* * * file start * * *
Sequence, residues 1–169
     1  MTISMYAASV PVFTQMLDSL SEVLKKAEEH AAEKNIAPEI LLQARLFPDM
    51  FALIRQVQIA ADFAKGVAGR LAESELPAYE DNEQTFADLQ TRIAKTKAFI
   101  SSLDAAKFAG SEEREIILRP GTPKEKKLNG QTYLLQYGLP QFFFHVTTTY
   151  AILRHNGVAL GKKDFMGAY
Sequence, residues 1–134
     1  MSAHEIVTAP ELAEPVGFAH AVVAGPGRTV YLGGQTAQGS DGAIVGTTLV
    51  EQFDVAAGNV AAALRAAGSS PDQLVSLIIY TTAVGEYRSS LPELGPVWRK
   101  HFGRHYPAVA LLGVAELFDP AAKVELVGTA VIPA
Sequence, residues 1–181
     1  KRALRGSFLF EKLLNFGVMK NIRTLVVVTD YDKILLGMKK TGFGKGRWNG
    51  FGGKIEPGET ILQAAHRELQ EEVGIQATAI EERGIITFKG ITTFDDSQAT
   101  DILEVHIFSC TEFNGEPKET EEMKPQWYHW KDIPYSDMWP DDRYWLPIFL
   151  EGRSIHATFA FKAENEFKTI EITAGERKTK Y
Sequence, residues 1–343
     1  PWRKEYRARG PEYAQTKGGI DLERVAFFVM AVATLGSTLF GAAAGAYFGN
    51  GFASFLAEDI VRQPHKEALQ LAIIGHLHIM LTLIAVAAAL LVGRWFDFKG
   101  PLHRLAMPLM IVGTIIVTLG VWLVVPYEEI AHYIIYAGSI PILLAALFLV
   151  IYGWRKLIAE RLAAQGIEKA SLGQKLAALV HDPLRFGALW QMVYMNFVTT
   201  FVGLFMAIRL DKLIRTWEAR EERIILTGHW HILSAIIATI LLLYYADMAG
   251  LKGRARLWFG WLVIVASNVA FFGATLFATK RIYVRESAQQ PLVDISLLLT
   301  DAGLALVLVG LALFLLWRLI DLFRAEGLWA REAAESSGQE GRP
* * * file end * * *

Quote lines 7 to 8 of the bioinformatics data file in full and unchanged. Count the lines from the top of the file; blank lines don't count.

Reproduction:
     1  MSAHEIVTAP ELAEPVGFAH AVVAGPGRTV YLGGQTAQGS DGAIVGTTLV
    51  EQFDVAAGNV AAALRAAGSS PDQLVSLIIY TTAVGEYRSS LPELGPVWRK